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Commemorative year for Vietnam Veterans

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January 11 marked 50 years since the proclamation of the end of Australian involvement in the Vietnam War and marks the start of official Vietnam 50 commemorations for 2023.

Federal Member for McEwen Rob Mitchell said he was proud the Federal Government was committed to honouring the service of Vietnam veterans.

“More than 60,000 Australians served in Vietnam, over 3,000 were wounded and 523 lost their lives in the longest conflict Australia was involved in during the 20th Century,” he said.

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“For many veterans, upon their return, their service was not recognised as it should have been. This was wrong.

“In the nearly four decades since the end of the Vietnam War, there has been much heartache and much healing.

“Although people will differ in their opinions on the Vietnam War, I personally want to put on the record my total admiration and respect for and thanks to all those who bravely went to war and how sorry I am for the mistreatment they received on their return.”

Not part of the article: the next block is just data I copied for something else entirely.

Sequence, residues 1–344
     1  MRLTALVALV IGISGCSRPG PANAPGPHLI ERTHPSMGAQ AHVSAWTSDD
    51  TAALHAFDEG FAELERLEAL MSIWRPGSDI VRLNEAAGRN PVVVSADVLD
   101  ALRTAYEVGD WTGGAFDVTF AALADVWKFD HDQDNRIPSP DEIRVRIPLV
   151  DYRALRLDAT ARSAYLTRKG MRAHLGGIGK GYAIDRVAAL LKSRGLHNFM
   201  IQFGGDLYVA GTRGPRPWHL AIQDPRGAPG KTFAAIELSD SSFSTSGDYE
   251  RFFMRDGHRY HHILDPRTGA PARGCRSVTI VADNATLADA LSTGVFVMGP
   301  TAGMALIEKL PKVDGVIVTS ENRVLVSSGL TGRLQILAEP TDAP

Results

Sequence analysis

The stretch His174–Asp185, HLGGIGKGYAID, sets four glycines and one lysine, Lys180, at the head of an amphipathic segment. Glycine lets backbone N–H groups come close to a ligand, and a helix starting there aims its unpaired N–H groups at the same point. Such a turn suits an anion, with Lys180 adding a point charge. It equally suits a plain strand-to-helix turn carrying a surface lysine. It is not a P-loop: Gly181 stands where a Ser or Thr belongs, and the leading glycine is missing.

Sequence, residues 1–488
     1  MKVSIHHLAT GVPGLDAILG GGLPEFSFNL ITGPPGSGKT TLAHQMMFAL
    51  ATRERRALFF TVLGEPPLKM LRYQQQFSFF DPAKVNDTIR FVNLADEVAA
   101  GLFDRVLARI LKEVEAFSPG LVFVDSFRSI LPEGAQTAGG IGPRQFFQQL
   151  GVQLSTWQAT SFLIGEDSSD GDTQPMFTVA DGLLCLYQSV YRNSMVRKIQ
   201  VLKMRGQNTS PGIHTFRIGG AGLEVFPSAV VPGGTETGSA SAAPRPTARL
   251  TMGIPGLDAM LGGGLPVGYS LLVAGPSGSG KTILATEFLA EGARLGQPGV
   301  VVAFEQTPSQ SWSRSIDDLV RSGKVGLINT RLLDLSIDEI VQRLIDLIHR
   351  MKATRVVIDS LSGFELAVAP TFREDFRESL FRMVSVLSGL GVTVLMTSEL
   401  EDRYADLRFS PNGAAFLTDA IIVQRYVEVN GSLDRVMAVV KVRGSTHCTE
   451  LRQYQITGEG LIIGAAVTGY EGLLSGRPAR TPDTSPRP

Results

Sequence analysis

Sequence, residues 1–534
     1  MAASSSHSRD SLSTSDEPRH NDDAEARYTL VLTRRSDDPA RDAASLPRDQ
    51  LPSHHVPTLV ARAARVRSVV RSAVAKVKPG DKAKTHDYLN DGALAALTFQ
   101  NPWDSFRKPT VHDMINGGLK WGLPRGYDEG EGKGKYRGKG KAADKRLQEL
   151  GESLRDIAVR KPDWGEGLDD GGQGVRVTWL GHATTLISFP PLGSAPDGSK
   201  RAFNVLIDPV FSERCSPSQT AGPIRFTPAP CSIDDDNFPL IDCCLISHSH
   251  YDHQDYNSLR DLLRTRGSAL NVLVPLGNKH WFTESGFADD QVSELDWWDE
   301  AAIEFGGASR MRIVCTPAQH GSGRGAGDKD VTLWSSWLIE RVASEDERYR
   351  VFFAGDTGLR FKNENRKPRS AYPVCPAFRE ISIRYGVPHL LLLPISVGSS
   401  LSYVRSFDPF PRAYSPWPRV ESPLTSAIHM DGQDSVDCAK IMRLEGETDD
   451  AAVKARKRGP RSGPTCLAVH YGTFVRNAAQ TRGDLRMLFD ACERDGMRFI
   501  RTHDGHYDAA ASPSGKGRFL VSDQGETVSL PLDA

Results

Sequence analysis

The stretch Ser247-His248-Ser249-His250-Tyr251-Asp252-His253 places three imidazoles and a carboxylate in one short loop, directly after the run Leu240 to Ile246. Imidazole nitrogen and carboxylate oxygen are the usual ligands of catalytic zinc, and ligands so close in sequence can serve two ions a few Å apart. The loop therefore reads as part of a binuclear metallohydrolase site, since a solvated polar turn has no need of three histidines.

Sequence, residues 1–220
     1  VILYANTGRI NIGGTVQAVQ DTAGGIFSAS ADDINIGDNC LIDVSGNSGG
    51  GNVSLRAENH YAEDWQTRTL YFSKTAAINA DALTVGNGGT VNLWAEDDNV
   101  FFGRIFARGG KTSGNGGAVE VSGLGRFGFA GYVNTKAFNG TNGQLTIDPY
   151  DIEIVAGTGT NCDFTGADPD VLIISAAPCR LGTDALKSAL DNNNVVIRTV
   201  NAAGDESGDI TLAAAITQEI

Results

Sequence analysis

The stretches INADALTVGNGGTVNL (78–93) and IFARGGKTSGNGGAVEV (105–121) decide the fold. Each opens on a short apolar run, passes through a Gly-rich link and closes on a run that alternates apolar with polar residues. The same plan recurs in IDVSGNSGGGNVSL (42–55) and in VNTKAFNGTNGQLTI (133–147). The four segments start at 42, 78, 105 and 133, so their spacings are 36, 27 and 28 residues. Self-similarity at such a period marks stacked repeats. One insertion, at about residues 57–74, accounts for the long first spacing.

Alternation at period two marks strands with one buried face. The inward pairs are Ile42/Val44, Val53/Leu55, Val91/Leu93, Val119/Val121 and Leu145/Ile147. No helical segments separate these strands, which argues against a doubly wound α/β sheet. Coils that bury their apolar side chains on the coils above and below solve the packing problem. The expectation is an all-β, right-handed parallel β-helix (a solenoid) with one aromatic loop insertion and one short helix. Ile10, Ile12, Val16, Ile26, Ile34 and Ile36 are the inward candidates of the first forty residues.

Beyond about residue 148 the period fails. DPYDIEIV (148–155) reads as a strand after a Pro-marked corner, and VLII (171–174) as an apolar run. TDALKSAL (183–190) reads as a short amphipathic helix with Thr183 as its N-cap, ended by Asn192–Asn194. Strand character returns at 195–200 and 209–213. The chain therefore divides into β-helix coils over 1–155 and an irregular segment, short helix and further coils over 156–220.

All Vietnam Veterans and National Servicemen, who have rendered at least one day of full-time service, even those not deployed, are eligible to claim a White Card through the Department of Veterans’ Affairs, DVA, which includes mental health support.

DVA will recognise this anniversary through an awareness campaign, including an ABC documentary series, and providing historical and educational resources to schools, ex-service organisations and community groups.

A national commemorative service on Vietnam Veterans’ Day in Canberra on August 18 will recognise the service of all Australians who served in the Vietnam War and honour the sacrifices they and their families made.

For more information, visit www.dva.gov.au/VietnamCommemorativeService.

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